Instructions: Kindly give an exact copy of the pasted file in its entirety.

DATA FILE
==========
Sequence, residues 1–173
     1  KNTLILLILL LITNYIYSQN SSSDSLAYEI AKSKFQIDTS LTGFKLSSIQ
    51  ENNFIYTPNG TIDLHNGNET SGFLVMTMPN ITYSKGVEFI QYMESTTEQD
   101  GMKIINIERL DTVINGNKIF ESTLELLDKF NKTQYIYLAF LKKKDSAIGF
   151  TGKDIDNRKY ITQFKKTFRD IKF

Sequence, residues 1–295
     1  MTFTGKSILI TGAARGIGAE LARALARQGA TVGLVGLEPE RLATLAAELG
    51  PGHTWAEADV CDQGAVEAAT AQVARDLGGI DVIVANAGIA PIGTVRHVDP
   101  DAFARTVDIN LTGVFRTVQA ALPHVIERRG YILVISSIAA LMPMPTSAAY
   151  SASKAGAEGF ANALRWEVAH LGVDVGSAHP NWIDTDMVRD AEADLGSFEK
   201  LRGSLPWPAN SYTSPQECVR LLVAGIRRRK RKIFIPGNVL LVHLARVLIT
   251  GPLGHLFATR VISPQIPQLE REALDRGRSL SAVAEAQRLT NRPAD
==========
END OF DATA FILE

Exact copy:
Sequence, residues 1–173
     1  KNTLILLILL LITNYIYSQN SSSDSLAYEI AKSKFQIDTS LTGFKLSSIQ
    51  ENNFIYTPNG TIDLHNGNET SGFLVMTMPN ITYSKGVEFI QYMESTTEQD
   101  GMKIINIERL DTVINGNKIF ESTLELLDKF NKTQYIYLAF LKKKDSAIGF
   151  TGKDIDNRKY ITQFKKTFRD IKF

Sequence, residues 1–295
     1  MTFTGKSILI TGAARGIGAE LARALARQGA TVGLVGLEPE RLATLAAELG
    51  PGHTWAEADV CDQGAVEAAT AQVARDLGGI DVIVANAGIA PIGTVRHVDP
   101  DAFARTVDIN LTGVFRTVQA ALPHVIERRG YILVISSIAA LMPMPTSAAY
   151  SASKAGAEGF ANALRWEVAH LGVDVGSAHP NWIDTDMVRD AEADLGSFEK
   201  LRGSLPWPAN SYTSPQECVR LLVAGIRRRK RKIFIPGNVL LVHLARVLIT
   251  GPLGHLFATR VISPQIPQLE REALDRGRSL SAVAEAQRLT NRPAD